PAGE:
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Books We Love – Issue #249

Books We Love

Books We Love

Books We Love – Issue #249

Mr Hublot

The Art of Mr. Hublot

The Art of Mr. Hublot
By Joan Degive-Leonard, with Jerome Gillet and Marzenka Anne Krejcirick
[Zeilt Productions, $39]

While most art-of books chronicle the making of full-length feature, it’s rare to find one that delves into the details involved in making an animated short film — even one that won an Oscar. That alone makes The Art of Mr. Hublot a real treat for fans and filmmakers who want to know how it was done. The winner of last year’s Best Animated Short Film Oscar is a visual delight, using CG to replicate a stop-motion feel in telling its tale of a lonely mechanical man who lives in a robot city and adopts a pet. Written in both English and French, the book breaks down the entire filmmaking process, with plenty of insights from directors Laurent Witz and Alexandre Espigares and the film’s crew. Liberally illustrated to show off the detailed designs and immaculately printed, this is a book animators and fans will find well worth the cost of shipping in from Europe.

Encyclopedia of Anime, 3rd Revised Ed.

Encyclopedia of Anime, 3rd Revised Ed.

Encyclopedia of Anime, 3rd Revised Ed.
By Jonathan Clements and Helen McCarthy
[Stone Bridge Press; $120 print, $25 ebook]

The world of anime is fast-paced and keeping up with it can seem like a daunting task. So fans and scholars should be thankful for this revised edition, which is fully updated and includes all the corrections made for the 2012 Kindle edition and more than a thousand new entries covering titles released since the last print edition in 2006. That alone would make this a massive and invaluable tome as it is, but Jonathan Clements and Helen McCarthy have also added thematic entries to this edition, covering topics ranging from fandom to voice acting to piracy and various genres. With the print edition coming in at a whopping 1,200 pages, there’s no more thorough English-language resource on the planet. And the ebook edition, in addition to being a budget-conscious alternative, offers hyperlink connections to official sites, forums and more. Saying it’s indispensable is an understatement.

Animate to Harmony: The Independent Animator’s Guide to Toon Boom

Animate to Harmony: The Independent Animator’s Guide to Toon Boom

Animate to Harmony: The Independent Animator’s Guide to Toon Boom
By Adam Phillips
[Focal Press, $45]

Whether you’re a veteran of traditional animation looking to upgrade your skills or a tech-savvy independent animator looking to get the most out of your tools, Animate to Harmony is a thorough and definitive reference. Adam Phillips walks readers through the process of creating 2D animation using the Toon Boom programs Animate, Animate Pro and Harmony. Since the user interface is uniform across all three, the book allows users or any of those applications to learn something new, whether trying it out for the first time or looking for tips when transitioning from one to the other. The book is extensively illustrated and offers exercises for readers to test out their skills with and have some finished work to show off. This is a no-nonsense book that, for an extremely reasonable price, is worth it for anyone who works — or wants to work — with the increasingly popular Toon Boom software.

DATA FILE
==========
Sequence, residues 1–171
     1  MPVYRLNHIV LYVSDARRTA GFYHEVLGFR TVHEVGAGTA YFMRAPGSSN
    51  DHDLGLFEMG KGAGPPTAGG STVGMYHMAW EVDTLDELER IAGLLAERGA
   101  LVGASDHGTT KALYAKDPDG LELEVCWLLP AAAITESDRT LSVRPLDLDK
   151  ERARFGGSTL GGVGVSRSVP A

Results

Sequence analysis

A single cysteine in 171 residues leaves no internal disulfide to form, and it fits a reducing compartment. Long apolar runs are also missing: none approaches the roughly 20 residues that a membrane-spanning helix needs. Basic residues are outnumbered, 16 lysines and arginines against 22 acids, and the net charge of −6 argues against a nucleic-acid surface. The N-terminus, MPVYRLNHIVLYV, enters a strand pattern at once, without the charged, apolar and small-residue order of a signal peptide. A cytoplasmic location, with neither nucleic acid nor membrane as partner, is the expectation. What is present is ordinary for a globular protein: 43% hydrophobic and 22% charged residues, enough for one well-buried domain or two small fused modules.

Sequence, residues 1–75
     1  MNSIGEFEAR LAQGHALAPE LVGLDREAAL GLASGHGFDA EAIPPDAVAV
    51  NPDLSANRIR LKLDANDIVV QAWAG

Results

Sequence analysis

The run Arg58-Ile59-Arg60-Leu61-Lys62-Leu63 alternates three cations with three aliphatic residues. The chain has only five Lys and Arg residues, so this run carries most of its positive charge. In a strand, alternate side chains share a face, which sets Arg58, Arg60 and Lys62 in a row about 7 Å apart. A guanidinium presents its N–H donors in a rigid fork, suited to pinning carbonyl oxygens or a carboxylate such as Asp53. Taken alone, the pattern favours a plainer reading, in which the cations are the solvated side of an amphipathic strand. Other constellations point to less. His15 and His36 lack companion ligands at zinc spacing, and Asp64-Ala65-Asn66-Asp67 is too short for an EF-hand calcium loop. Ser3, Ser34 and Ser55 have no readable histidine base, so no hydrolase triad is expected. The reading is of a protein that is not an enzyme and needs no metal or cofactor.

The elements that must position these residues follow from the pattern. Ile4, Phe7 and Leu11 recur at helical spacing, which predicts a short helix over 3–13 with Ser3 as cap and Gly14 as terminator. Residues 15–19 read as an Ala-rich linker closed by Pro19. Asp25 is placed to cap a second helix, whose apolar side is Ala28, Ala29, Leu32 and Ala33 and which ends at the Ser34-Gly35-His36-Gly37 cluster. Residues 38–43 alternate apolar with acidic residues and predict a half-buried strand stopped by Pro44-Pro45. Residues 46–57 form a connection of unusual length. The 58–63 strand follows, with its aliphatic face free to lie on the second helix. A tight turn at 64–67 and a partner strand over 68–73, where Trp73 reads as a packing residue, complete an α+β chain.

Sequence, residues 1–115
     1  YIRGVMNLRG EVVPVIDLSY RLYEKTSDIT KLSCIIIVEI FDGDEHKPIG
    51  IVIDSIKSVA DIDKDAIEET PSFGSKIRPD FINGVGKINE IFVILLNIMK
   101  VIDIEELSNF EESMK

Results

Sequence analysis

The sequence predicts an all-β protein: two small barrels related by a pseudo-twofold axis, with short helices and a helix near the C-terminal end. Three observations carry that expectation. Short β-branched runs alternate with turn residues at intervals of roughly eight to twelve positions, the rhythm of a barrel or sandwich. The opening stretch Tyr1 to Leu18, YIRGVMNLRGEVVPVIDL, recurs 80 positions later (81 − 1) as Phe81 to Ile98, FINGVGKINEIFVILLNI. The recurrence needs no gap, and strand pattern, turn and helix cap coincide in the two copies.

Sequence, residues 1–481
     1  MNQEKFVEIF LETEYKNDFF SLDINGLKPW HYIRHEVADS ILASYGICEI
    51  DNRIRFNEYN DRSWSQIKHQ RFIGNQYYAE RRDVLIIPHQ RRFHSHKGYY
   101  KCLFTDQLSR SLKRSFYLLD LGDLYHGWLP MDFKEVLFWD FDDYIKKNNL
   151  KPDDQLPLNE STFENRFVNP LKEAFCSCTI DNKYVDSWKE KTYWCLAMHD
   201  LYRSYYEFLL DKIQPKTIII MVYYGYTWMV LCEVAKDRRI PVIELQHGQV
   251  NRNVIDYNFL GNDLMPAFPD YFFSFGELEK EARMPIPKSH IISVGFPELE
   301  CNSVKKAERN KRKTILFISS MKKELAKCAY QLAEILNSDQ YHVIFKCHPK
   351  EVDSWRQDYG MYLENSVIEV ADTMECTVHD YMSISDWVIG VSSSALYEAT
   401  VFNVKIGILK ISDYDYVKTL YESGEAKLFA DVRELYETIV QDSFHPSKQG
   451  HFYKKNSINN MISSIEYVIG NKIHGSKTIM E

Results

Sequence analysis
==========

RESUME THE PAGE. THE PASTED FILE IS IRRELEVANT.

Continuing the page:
Corto Maltese: Under the Sign of Capricorn

Corto Maltese: Under the Sign of Capricorn

Corto Maltese: Under the Sign of Capricorn
By Hugo Pratt
[IDW/EuroComics, $29.99]

Hugo Pratt stands among the icons of the world comic-book scene and his Corto Maltese series is widely regarded as one of the best comics ever done and beloved by fans of comics, cartooning and art the world over. Corto’s globe-spanning adventures at the turn of the 20th century take him to the world’s most dangerous spots, full of cunning villains and sultry temptations. This new edition, the first in a series from IDW’s new EuroComics imprint, impressively delivers on its goal to present a definitive English-language edition of Corto Maltese. Unlike previous English editions, Pratt’s expressive lines and inky shadows are razor sharp and presented in all its black-and-white glory on quality paper at a size that makes the book a joy to flip through. Further volumes will follow, until the entire story — the first and many say best long-form comics works — is complete. It’s an adventure worth following.

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